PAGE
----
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How to Make the Most of Inherited 401(k) Funds

How to Make the Most of Inherited 401(k) Funds

| May 10, 2024

Unless you’re married or in a long-term living arrangement, you might not know you’re part of someone else's retirement plan. You might be named as a beneficiary — primary or contingent — in a family member or friend’s 401(k) retirement plan. 

If you are a named beneficiary, you might inherit the 401(k) of a loved one who dies, and there is plenty to know about the options and rules you must follow with an inherited 401(k). 

Your options could be affected by several factors, including your relationship to the account owner, the age of the account owner at death, and whether the account owner had begun taking required minimum distributions (RMDs) from the retirement account. 

Here is how to make the most of your inherited 401(k) funds. 

What Is an Inherited 401(k)? 

A 401(k) is a retirement savings account sponsored by an employer. Someone contributes pre-tax dollars to the account. The employer may match some or all of the contributions, and the money grows tax-free, but taxes will be due when the money is withdrawn. If the account is a Roth 401(k), the contributions are after-tax, and no taxes will be required on withdrawals. 

If money is left in an account when an account owner dies, you could inherit the 401(k) if you’re the spouse or non-souse, someone named as a beneficiary. The account passes on to a primary beneficiary, unless the person is dead or can’t be located. Then, the account goes to a contingent beneficiary. 

Rules for an Inherited 401(k) 

What you can do with the account and how it might impact your taxes depends on whether you inherit the 401(k) as a spouse or non-spouse. The rules are different for each situation.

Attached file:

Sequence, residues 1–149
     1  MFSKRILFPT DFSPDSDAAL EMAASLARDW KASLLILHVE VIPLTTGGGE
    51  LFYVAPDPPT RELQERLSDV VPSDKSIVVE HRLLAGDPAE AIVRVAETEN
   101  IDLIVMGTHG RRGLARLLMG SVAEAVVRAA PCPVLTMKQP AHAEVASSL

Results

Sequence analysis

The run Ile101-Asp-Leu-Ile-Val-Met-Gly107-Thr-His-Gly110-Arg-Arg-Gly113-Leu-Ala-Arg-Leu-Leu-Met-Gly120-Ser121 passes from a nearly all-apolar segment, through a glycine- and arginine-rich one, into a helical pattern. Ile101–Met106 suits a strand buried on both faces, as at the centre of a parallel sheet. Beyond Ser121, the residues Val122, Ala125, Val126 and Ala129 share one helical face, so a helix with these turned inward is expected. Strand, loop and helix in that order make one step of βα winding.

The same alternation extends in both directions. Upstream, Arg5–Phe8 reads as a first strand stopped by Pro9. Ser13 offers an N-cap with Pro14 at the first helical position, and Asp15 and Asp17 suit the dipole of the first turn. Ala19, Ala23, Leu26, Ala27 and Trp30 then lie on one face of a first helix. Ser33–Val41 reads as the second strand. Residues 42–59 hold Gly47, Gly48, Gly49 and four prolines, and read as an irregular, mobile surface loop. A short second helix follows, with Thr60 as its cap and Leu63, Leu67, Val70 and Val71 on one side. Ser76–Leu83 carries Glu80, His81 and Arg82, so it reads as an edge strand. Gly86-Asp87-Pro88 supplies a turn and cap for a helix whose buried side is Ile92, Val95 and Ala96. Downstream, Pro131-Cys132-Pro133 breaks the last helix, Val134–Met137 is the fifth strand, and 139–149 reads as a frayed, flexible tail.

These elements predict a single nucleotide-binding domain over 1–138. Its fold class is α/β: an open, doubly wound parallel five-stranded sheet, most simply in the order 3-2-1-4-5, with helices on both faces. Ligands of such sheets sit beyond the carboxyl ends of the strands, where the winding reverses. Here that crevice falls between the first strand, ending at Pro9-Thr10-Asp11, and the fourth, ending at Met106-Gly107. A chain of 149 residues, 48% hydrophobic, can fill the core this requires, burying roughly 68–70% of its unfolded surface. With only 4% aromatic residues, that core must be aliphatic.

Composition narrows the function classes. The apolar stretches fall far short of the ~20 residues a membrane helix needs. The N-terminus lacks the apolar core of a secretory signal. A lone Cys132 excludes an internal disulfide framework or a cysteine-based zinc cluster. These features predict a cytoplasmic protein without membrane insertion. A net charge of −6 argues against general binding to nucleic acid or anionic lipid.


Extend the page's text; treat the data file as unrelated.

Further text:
The rules also differ for inheriting a 401(k) as a minor child, someone who is chronically ill or disabled, or someone who is not more than 10 years younger than the loved one who has passed. 

Options for a Spouse 

If you’re the surviving spouse who inherits the 401(k), you have five options: 

Take a Lump Sum 

You can take a lump sum payout and not incur an early withdrawal penalty. However, the money will be treated as ordinary income, which could lead to a huge tax bill or push you into a higher tax bracket. 

Roll Over the Inherited 401(k) 

You can roll the inherited 401(k) into your 401(k) or traditional individual retirement account (IRA). The typical rules for those accounts would apply and this allows your money to continue to grow. 

Transfer Account to an Inherited IRA 

As a spouse, especially if you have not reached the age of 59½, you can transfer the inherited 401(k) to a new inherited IRA. This would allow you to take distributions from the account without penalties. 

Leave the Inherited 401(k) Where It Is 

If you don’t need the money, this allows you to stretch out withdrawals, minimizing taxes and allowing the remaining money to grow. You also can take RMDs based on your life expectancy, even if your spouse was already taking them at 73. 

Disclaim the Inheritance 

If you don’t need the money, you can disclaim the inheritance. The inherited 401(k) then passes on to the next named contingency beneficiary or follows the plan’s default rule. 

Consider consulting a financial advisor, such as Good Life Morehead City, to help guide you in making a decision that is best for your situation. 

Options for a Non-Spouse 

If you’re a non-spousal beneficiary, you can’t roll the inherited 401(k) into your retirement account. You have four options: take a lump sum, transfer the funds directly into an inherited IRA, leave the money in the 401(k), or disclaim the inheritance. 

Taking the lump sum may have tax implications. The money from a 401(k) would be taxed as ordinary income and could push you into a higher tax bracket. If the account is a Roth 401(k), you won’t have to pay taxes on the withdrawal. 

Transferring to the inherited IRA or leaving the 401(k) in place will be subject to the 10-year rule, which requires the accounts to be depleted within 10 years. 

Seek Help From a Financial Advisor 

If you’ve inherited a 401(k), you might want to talk through your options with a financial advisor. Good Life Morehead City has deep experience with retirement planning and can help. 

Get in touch today to schedule a no-obligation consultation.